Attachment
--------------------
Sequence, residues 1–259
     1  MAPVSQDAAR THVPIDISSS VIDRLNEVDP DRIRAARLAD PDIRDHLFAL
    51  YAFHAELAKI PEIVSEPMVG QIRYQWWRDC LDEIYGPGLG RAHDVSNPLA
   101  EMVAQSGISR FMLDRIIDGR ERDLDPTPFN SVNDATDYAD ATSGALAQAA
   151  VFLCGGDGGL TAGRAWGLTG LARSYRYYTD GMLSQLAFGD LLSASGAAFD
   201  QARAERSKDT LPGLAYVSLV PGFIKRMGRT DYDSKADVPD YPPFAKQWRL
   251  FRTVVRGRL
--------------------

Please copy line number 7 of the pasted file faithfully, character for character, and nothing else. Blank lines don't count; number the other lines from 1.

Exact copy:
   251  FRTVVRGRL